In July 2011, The American College of Obstetricians and Gynecologists released a Committee Opinion that all women should be screened for alcohol use at least once a year, and within the first trimester of pregnancy.
These recommendations reflect an increase in problem drinking among women. So what does that mean, exactly? How do you know if you’re a “problem drinker”? Well, if a woman drinks more than 7 drinks in a week, or more than 3 drinks on one occasion, she may be at risk of developing a drinking problem.
Of course, there’s always debate over what constitutes “a drink.” (“Hey,” you might think, “I only had one drink: a 23-ounce Hurricane!”) For these purposes, a drink can be defined as a 12-ounce beer, a 5-ounce glass of wine or a 1.5-ounce shot of liquor (straight-up or in a mixed drink).
Why do women have different guidelines from men? First of all, our bodies are clearly made up differently. Women’s bodies contain less water than men’s bodies, pound for pound, which causes our bodies to react differently to alcohol. Because alcohol breaks up in body water, blood alcohol becomes less concentrated in a man’s body than in a woman’s. This, in addition to the fact that the average woman weighs less than the average man, explains why a woman, for the most part, physically can’t handle as much alcohol as a man.
Still, the majority of American women over age 18 do drink alcohol. A survey reported by the National Institute on Alcohol Abuse and Alcoholism found that almost 29 percent of adult women in the U.S. reported drinking 4 or more drinks on a single occasion in a 12-month period. Overall, 42 percent drank 12 or more drinks over the past year.
But is drinking a bad thing? Not necessarily. Two large studies published in 2010 confirmed that light drinking can actually be good for the heart, lowering the risk of cardiovascular disease. For women, however, this equates to a single drink per day, still within the limits of low-risk drinking. Regardless of the potential cardiac benefits, the results of these studies do not serve as a recommendation for women to drink. On the contrary, drinking can have detrimental effects on other organs, which can outweigh the potential health benefits.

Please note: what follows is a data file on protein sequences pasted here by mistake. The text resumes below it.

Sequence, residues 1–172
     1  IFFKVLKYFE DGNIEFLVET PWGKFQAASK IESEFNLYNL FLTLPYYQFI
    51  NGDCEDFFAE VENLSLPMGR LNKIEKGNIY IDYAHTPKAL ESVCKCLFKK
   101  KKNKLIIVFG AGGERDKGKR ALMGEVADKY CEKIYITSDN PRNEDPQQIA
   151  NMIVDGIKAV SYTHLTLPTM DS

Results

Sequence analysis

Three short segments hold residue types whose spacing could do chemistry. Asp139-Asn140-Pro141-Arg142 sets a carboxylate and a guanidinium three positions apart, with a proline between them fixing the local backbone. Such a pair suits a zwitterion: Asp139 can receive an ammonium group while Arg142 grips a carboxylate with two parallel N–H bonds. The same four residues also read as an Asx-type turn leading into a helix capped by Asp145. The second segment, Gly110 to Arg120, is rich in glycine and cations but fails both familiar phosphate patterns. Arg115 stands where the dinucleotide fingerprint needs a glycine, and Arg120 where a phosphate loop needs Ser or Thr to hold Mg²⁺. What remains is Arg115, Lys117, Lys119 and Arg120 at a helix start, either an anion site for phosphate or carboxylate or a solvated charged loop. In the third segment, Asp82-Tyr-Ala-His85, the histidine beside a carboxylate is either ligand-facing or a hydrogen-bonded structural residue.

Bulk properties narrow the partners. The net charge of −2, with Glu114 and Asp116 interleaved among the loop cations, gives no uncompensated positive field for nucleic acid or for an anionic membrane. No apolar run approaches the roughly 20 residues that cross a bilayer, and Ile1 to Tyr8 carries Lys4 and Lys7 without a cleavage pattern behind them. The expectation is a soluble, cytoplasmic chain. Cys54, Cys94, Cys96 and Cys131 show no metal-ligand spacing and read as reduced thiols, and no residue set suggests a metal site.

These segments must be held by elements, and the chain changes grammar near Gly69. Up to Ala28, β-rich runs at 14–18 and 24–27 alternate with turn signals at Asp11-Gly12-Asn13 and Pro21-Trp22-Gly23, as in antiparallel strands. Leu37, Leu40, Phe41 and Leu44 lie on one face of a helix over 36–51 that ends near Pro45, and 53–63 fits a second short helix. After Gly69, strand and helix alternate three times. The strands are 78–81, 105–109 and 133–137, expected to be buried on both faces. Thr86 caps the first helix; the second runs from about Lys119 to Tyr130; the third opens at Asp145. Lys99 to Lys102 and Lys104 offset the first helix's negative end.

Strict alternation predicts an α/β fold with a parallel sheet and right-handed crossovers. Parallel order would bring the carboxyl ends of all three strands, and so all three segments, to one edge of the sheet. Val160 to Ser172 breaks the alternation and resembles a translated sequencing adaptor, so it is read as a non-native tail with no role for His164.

In young women, for example, moderate drinking can increase the risk of breast cancer. Excessive drinking, which is never advised, can increase risk of many severe health problems, including but not limited to cirrhosis of the liver, hepatitis, osteoporosis, high blood pressure, mental illness and different types of cancers.
Particularly in women of childbearing age, the risks are high, especially when binge drinking becomes a habit. Heavy drinking can decrease fertility and lead to menstrual disorders. If a woman does become pregnant, alcohol consumption during pregnancy can cause brain damage to the baby, along with other possible birth defects.
The World Health Organization developed a 10-question test to help identify problem drinking. This test, known as the Alcohol Use Disorders Identification Test (or AUDIT), can be found here. Any score over 8 suggests that some intervention may be advisable.
While drinking can be enjoyable in certain circumstances and within limits, understanding how much is enough can help keep everyone safe.
Well Woman and Prenatal Visits Should Include Alcohol Abuse Screening
Reviewed July 21, 2011
by Michele Blacksberg R.N.
Edited by Jody Smith